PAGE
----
Footnote

While blocking station entrances is usually people trying to sell crap, the congestion at Flagstaff station is normally caused by the slow Myki gates.

One week later…

The week after I posted this entry, Flagstaff station was overrun by another group of chuggers – this time employed by Oxfam. They first appeared on the evening of Tuesday May 20th:

Oxfam street fundraisers at work in the unpaid area of Flagstaff station during evening peak

And appeared again on the evening of Thursday May 22nd:

Street fundraisers from Oxfam at Flagstaff station for the second time this week

That makes a mockery of Metro’s “one fundraiser per week per station” policy!

And an update from Metro

After I got home on 22nd, I shot off the following complaint to Metro Trains Melbourne:

On two occasions this week at Flagstaff station I have been actively touted to by fundraising staff working the charity organisation ‘Oxfam’.

Both times the fundraising staff were standing in the unpaid area of the Flagstaff station concourse, making passage between the escalators and ticket barriers difficult during evening peak.

Metro Trains Melbourne provides their ‘fundraising at stations’ policy on their website:

http://www.metrotrains.com.au/fundraising-at-stations/

It states:

“Our customers appreciate the opportunity to support registered charitable and not-for-profit organisations trying to raise awareness of their causes.

At the same time our customers have requested that all station activities be organised in moderation. In response to this feedback from our customers, one day of every week is allocated for such activities.

Each registered organisation is welcome to submit an application to undertake fundraising or promotional activities on one day of any single week in the calendar year, subject to availability.”

This week Metro Trains has failed to follow this police in two ways:

– Flagstaff station has had fundraising activities carried out on more than one day in one week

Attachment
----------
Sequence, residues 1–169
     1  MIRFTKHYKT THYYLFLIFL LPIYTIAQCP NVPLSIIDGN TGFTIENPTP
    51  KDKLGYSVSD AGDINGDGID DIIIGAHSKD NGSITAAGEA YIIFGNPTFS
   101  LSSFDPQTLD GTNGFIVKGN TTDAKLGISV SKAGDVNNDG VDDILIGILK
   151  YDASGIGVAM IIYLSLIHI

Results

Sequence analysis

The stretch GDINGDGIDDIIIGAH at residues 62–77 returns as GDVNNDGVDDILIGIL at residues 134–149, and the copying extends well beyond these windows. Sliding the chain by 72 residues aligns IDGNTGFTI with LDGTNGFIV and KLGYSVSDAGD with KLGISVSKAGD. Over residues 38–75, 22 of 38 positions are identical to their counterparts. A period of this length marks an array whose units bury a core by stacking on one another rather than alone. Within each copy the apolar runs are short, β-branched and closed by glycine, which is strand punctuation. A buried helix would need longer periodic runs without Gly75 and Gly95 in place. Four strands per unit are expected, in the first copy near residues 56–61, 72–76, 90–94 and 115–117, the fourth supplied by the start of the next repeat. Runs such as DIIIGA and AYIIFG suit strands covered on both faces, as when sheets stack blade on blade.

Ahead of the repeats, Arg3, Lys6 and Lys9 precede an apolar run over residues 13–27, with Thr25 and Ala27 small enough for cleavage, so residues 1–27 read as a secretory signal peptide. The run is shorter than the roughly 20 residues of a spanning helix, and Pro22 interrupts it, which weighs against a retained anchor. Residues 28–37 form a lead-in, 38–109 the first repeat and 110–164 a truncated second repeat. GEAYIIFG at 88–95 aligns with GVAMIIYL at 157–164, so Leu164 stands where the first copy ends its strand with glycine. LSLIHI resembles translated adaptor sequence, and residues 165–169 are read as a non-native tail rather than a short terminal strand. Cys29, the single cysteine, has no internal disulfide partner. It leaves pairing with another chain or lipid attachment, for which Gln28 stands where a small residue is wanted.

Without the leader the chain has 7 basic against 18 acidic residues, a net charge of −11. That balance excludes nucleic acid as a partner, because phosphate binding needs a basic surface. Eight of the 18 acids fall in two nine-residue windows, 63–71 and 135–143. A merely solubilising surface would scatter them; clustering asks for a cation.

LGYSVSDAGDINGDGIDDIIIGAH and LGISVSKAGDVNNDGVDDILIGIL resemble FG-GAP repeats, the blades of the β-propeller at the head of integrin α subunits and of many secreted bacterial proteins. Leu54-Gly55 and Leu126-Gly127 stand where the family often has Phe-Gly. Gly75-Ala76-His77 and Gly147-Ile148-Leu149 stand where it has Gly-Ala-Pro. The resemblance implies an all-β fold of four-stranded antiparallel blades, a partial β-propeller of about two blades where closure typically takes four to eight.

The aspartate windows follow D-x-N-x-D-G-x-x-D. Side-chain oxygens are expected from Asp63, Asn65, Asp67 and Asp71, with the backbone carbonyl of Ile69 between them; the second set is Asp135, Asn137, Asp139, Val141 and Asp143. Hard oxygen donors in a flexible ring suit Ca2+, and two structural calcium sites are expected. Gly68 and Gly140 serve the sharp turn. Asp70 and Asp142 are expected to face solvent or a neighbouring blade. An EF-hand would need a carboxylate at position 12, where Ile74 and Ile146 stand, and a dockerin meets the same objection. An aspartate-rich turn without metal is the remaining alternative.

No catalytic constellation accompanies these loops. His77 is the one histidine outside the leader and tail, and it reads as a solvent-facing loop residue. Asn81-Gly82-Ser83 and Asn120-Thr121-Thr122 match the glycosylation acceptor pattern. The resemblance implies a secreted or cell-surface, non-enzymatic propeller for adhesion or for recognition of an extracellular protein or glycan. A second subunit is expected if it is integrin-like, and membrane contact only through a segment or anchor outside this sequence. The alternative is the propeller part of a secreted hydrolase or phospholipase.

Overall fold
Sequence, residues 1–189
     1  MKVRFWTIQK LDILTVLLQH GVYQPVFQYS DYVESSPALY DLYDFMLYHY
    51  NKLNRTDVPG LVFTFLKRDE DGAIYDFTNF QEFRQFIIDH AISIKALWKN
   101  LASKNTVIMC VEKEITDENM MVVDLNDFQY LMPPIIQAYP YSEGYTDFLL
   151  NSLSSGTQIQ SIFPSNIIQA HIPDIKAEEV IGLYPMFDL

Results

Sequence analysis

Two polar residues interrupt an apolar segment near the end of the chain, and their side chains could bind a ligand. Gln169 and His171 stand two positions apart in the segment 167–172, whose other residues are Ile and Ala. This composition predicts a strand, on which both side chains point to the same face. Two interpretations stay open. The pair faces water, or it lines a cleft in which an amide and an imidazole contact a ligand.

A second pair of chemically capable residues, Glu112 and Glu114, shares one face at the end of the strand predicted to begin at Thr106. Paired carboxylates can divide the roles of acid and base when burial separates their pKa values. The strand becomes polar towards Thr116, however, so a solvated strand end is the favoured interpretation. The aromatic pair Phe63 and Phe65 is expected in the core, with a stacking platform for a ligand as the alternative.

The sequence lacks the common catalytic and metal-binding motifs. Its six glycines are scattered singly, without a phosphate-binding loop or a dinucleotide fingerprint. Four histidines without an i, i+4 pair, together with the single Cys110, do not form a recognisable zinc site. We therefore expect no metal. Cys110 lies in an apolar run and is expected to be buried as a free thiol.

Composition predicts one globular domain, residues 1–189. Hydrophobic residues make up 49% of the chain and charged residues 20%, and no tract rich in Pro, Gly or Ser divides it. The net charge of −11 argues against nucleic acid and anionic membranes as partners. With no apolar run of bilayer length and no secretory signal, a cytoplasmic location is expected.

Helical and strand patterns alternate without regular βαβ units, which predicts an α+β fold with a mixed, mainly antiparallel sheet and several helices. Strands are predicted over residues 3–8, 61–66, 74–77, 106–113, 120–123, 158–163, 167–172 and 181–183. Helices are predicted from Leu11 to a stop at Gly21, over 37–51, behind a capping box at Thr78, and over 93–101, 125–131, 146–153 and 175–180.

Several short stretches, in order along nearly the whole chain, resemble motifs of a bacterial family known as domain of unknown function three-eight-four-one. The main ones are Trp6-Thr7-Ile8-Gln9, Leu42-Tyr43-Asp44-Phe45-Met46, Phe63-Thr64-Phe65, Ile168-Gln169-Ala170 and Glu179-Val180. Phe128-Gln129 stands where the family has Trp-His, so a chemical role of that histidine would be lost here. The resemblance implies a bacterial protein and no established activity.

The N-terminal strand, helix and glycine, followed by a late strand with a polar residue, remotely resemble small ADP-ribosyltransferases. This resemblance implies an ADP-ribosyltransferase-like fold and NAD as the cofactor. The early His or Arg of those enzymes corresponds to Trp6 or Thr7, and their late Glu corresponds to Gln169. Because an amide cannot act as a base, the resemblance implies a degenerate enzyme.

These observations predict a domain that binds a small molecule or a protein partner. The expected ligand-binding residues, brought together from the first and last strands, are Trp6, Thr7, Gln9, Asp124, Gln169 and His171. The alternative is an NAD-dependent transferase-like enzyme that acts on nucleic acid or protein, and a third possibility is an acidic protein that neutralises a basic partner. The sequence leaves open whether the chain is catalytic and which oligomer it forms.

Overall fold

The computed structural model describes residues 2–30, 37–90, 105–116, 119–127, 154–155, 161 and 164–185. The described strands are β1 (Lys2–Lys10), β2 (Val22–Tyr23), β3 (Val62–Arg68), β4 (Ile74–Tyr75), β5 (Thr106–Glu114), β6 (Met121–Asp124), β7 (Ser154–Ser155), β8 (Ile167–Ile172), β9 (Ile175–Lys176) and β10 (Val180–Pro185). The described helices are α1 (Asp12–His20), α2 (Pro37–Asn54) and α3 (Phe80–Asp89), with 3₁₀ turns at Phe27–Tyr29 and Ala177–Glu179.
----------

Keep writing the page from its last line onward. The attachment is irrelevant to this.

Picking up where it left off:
– Oxfam has operated on more than one day in one year

The presence of fundraising staff actively touting for business contributes to congestion in railway stations, and is unwanted by the majority of passengers. This is in contrast to volunteer fundraisers for events such as the ANZAC Day, Remembrance Day, and the Red Shield Appeal.

Why is Metro Trains permitted to invite aggressively touting fundraising staff into their stations?

Someone from Metro Trains got back to me at lunchtime the next day with a response:

We confirm that charities conducting fundraising at Flagstaff and other City stations have paid for the right to be at stations.

While we welcome charitable and promotional activities at the stations, all charities have been given strict guidelines in terms of their activities and conduct; under no circumstances are they to harass customers or delay the flow of pedestrian traffic in and out of the station.

Our Station Masters also have the responsibility to ensure charities and promotional activities do not impact negatively on customers. In this regard, your feedback has been brought to the attention of our Station Master at Flagstaff station to address.

Your comments have also been directed to the Manager of the paid charity activities at Flagstaff station to address with the staff concerned and to reiterate that under no circumstances are they to harass and impede on our customers. Their presence at Flagstaff twice in one week has also been raised.

Since then I’ve only seen Salvation Army volunteers rattling their tins at Flagstaff station – is it possible that Metro Trains actually listened to customer feedback?